I did some research to see if there really is something wrong with the way I stand, or if perhaps, maybe, a "powerless" pose helps a horse build confidence. After looking at many pictures, videos, and watching people do ground work with wild horses in person I began to notice there was a definite trend. The horses that looked calmest were with humans that had certain things about their stance in common. All of those traits were on the list of things that make a person "powerless".
Before I discuss the traits I noticed, I should explain a little about "power posing". A power pose is any stance that makes a person appear bigger. Standing up tall, hands on hips, chest forward, head up, feet spread apart, sitting with arms spread wide across the arms or back of a chair, doing any of these things can lend to a person feeling more self assured. This is part of what some psychologists call "outside in confidence" putting on the appearance of confidence outside to actually help you feel more confident inside. A "power pose" is meant to make the poser appear assertive to other people, but when you are dealing with a horse that is terrified, looking bigger only makes the horse see you as an aggressive and intimidating predator.
Below are photographs of people demonstrating what I would like to call a horseman's pose.
In Amy Cuddy's book she references studies she has done on how a person's blood chemistry in fact changes when a person adopts a "power pose" causing the release of some hormones and the suppression of other hormones. (If you are interested in knowing more about that study click the link here: http://www.businessinsider.com/harvard-amy-cuddy-power-pose-research-2012-10) Knowing how sensitive horses can be, it is my own theory that they can probably smell or otherwise sense that hormonal change and perhaps even be repelled by it. Of course I have no scientific proof of this, but my own observations of how horses react to certain people makes me believe it is highly possible.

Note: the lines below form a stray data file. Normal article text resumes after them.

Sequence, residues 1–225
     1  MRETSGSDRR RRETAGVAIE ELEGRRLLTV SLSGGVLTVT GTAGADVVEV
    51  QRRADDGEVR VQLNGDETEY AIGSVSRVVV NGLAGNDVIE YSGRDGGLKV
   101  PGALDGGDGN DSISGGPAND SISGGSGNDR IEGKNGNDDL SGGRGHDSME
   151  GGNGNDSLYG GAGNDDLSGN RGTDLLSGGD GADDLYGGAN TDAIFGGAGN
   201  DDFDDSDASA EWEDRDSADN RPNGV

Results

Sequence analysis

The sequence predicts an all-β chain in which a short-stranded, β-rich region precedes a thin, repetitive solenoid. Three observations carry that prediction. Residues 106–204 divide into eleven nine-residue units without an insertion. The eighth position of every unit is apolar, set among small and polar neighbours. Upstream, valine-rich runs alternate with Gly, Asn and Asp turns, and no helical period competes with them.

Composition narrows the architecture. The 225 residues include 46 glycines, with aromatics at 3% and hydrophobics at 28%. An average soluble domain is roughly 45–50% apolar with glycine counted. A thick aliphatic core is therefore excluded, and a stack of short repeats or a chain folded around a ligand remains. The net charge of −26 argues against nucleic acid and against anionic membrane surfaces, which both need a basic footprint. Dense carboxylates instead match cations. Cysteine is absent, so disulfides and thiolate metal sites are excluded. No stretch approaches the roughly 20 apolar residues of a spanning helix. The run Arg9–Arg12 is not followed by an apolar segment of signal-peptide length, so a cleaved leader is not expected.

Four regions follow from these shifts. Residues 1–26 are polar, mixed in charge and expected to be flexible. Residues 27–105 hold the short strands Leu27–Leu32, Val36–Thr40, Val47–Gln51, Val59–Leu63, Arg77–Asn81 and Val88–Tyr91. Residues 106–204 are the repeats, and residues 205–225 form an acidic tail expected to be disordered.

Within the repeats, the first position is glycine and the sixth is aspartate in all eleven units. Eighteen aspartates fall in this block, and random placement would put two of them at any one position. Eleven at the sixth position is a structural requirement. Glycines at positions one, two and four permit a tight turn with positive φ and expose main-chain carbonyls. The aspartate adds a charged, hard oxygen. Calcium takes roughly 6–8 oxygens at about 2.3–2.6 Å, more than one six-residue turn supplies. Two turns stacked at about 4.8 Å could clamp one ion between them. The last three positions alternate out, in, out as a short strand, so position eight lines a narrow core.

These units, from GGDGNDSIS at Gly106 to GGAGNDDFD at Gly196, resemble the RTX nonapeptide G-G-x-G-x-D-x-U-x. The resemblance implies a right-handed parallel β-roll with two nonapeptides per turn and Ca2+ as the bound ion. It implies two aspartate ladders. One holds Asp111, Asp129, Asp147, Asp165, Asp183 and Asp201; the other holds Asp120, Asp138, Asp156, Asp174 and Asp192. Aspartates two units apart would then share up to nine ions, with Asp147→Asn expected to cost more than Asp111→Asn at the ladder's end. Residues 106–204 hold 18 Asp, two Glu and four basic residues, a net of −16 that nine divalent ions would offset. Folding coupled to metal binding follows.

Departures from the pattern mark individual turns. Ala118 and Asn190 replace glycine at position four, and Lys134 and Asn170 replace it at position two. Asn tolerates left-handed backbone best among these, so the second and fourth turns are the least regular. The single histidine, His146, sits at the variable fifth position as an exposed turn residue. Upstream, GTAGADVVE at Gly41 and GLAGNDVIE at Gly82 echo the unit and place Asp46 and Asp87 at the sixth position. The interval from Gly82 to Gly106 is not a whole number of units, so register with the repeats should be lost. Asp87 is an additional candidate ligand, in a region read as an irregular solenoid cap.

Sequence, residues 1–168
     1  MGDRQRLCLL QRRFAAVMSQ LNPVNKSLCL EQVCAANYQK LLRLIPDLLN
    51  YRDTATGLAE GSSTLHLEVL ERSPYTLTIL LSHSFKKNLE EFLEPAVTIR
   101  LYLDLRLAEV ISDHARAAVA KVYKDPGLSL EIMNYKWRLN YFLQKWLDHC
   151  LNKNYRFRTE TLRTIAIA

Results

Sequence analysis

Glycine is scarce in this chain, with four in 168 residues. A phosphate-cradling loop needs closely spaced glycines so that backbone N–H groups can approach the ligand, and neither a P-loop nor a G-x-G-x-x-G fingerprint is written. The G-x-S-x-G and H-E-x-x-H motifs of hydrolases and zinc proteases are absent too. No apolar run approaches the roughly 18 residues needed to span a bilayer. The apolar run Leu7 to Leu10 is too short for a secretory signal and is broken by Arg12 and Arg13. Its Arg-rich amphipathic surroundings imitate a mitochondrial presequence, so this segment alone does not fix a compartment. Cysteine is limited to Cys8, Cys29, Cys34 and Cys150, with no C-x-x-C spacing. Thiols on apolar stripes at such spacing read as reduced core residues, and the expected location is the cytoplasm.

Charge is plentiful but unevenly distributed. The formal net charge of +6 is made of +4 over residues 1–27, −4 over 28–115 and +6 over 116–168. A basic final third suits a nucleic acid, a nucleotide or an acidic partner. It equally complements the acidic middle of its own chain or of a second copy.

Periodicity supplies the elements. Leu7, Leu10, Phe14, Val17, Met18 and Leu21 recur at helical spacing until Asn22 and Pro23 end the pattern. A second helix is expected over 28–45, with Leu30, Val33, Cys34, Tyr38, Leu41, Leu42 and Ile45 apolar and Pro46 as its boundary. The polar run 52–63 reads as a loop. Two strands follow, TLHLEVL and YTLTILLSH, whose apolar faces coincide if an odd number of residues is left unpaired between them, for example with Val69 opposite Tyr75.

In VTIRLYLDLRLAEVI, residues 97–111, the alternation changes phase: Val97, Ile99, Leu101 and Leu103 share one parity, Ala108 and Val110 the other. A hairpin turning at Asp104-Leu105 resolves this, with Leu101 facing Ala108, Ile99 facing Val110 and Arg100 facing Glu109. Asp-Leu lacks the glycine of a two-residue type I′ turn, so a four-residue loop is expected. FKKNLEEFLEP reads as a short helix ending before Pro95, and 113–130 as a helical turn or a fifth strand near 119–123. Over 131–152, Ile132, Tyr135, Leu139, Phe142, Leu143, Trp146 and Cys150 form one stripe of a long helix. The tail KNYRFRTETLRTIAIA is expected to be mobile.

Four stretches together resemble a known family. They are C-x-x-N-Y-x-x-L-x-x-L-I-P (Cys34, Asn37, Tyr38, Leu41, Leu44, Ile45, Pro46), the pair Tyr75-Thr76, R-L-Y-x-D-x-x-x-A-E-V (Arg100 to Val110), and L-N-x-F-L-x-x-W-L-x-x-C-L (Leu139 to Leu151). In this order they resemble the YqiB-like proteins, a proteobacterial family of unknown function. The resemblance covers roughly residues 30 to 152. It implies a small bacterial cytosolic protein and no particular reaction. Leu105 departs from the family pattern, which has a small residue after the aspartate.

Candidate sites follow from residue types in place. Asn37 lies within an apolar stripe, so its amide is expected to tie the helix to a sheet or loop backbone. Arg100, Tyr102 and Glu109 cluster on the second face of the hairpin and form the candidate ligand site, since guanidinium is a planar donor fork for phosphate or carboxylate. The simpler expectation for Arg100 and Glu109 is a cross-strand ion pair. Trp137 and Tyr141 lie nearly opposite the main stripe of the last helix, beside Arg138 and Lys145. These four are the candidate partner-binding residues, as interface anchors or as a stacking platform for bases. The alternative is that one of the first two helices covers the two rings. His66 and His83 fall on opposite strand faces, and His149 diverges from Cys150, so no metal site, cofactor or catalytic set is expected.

Long story short, I have given up on trying to be commanding and imposing around other humans. The ability to attract a horse with only your gentle energy and quiet presence is profoundly powerful in my book. So which stance really is more of a "power pose"?
My next blog will focus on how to use "outside in" psychology to shape a horse's emotional state, and how they can be helped to pose themselves to be more confident.